Architectural Digest Magazine, August 2008

Subcontinental Composition
Near Mumbai, Southeast Asian and British Colonial touches Mark a grand house

Architecture by Made Wijaya with Bomi Irani (Project Architect) | Interior Design by Sunil Jasani |
Landscape Design by PT. Wijaya Tribwana International | Text by Penelope Rowlands |
Photography by Tim Street-Porter




“I convinced them to have more of a plantation house, like in the West Indies,” architect Made Wijaya says of the couple for whom he designed an Alibag, India, residence (above) on the Arabian sea. Wijaya worked on the interiors with designer Sunil Jasani.

For a visitor new to the Mumbai coast, the cultural differences begin at the front door. Or, rather, the lack of one. “It’s an open house,” the wife says of the plantation-style weekend residence that she and her husband share on the Alibag Peninsula, just outside the city. “It doesn’t have a proper entrance.”
Instead, you can enter the space she calls “the main transit room” through any of its dozen tall, glass-paned doors. Or you might step into another room all together by way of the colonnaded corridor extending around much of the exterior, its floor, of Kotha stone, as reflective as water.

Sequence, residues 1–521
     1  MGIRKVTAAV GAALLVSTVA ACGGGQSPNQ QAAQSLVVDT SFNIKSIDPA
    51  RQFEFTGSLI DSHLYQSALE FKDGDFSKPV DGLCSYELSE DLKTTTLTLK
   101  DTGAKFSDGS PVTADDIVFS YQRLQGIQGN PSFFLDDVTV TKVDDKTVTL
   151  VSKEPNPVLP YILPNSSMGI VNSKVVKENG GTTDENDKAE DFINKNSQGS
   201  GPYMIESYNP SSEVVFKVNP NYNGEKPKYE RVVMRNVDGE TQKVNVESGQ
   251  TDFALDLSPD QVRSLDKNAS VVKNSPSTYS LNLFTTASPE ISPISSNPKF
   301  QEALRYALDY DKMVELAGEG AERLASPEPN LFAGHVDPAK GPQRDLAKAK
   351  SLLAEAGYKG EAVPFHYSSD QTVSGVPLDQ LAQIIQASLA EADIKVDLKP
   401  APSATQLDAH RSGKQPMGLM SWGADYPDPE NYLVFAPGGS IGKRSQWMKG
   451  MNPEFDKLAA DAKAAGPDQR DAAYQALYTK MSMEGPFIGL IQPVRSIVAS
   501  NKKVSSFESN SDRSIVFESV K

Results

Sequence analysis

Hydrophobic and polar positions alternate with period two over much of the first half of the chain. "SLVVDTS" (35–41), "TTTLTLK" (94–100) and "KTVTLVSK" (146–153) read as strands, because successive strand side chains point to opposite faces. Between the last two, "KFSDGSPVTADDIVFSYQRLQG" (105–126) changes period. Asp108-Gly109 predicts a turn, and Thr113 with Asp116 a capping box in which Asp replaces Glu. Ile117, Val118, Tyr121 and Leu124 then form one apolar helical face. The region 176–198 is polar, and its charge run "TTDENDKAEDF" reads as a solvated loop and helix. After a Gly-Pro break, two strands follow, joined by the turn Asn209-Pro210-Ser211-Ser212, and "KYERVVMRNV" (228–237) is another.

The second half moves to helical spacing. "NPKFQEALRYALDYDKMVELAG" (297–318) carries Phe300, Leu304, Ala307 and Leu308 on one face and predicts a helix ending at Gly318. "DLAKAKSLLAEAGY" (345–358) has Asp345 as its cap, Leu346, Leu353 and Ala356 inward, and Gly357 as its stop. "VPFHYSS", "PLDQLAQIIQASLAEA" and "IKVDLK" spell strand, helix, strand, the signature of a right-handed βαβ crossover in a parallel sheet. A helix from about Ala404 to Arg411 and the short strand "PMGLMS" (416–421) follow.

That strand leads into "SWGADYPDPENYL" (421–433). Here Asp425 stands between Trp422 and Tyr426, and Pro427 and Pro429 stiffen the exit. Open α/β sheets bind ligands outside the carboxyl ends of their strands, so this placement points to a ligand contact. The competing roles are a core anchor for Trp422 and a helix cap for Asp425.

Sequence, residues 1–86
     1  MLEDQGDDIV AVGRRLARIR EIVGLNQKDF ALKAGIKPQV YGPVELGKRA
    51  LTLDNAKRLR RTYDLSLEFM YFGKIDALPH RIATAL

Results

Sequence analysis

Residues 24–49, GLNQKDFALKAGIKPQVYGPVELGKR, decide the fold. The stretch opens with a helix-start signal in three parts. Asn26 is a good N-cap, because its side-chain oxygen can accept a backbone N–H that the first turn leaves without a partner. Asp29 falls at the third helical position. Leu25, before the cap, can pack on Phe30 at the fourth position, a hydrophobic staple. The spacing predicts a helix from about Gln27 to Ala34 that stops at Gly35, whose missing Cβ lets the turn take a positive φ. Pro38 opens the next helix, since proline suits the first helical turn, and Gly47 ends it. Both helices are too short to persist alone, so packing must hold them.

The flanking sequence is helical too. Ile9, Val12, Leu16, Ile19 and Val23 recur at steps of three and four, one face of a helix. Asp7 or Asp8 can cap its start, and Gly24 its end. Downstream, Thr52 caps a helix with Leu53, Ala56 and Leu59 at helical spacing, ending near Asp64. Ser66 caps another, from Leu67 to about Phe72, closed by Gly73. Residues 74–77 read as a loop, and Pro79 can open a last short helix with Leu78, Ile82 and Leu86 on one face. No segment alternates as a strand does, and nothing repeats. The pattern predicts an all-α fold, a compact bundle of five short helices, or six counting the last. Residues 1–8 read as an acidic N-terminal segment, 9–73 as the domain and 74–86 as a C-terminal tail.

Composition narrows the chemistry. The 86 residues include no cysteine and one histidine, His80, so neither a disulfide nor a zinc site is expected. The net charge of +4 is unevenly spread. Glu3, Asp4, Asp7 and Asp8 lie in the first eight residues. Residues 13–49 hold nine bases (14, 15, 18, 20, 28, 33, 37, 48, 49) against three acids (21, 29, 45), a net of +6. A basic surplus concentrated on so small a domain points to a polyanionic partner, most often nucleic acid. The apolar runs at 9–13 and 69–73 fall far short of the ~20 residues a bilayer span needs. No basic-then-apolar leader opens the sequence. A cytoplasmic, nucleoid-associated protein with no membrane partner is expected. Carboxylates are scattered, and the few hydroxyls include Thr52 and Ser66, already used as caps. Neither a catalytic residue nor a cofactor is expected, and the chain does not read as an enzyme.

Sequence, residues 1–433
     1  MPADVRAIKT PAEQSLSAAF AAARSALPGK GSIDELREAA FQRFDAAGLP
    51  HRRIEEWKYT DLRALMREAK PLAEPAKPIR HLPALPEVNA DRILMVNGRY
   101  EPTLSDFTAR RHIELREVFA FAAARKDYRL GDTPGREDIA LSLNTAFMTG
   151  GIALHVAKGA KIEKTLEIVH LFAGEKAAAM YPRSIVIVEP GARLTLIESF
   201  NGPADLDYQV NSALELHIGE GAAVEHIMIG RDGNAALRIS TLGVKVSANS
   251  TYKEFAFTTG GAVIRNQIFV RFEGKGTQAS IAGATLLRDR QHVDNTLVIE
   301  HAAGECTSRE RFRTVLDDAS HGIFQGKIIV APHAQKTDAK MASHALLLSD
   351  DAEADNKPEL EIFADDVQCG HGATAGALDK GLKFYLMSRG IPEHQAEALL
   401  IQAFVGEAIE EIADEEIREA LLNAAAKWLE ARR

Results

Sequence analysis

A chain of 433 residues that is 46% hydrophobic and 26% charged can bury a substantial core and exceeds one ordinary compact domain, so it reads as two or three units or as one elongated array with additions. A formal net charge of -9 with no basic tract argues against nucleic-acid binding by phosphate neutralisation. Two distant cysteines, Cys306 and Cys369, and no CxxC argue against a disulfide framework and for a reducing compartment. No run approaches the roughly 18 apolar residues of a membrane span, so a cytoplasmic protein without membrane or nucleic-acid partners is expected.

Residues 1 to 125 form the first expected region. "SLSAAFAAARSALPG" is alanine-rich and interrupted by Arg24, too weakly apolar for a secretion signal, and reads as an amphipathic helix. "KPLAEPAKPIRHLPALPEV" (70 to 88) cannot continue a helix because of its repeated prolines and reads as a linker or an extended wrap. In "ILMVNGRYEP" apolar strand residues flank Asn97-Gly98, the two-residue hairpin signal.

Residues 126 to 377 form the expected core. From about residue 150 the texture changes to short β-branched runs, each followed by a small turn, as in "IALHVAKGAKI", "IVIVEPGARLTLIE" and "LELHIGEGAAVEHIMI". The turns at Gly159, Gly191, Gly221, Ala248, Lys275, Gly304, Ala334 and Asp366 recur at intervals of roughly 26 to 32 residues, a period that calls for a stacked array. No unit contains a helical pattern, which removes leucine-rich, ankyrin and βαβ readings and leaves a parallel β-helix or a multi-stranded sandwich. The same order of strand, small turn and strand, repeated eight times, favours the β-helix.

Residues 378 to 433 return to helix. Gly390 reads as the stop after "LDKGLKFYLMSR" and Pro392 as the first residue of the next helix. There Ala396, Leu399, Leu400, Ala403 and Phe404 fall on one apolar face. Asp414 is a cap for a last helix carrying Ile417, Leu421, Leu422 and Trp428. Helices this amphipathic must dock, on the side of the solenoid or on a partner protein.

Although “it’s a tropical house, South Indian Style,” according to its architect, Made Wijaya, “its bones are British colonial.” This is particularly true of the first floor, with its colonnade and stone arches. On the second floor, other influences come into play. What Wijaya calls its “timber elements” —balustrades and the like—are classically South Indian, while some of the windows and doors come from Southeast Asia.


Mumbai-based artist Chiru Chakravarty created the mosaic floor in the entrance hall. The votive statues are from Java and date to the island’s Hindu era.

The architect is himself a hybrid. Born in Australia, he moved to Bali at the age of 35, changing his name from Michael White and developing a reputation for his landscape design. “I’m Truman Capote with machete,” he jokes, alluding to both his flamboyant personality and his way with tropical plantings.
The house is nestled in a betel palm grove and so close to the Arabian Sea that “when it’s high tide, we have water at the gate,” the wife says. Although it’s large—some 15.000 square feet—the structure’s colonnade and numerous terraces reduce its mass, making it seem skeletal, wide open to nature.


Wijaya’s influences for the house came from all over South and Southeast Asia. The floor of the dining terrace, which is sited on the east side of the house to protect it from the ocean winds, was inspired by the Dutch colonial style found on Java; giant urli, traditional South Indian cooking vessels, are filled with bougainvillea bracts; and the furnishing are from Cebu, Philippines. Local basalt was used for the arches, as throughout the exterior.

Life here, in favorable weather, move seamlessly between inside and out; many spaces, including the main dining area, are outdoors. But India is a land of strong, sometimes unforgiving seasons, and the way in which almost every room is used can fluctuate with the time of year.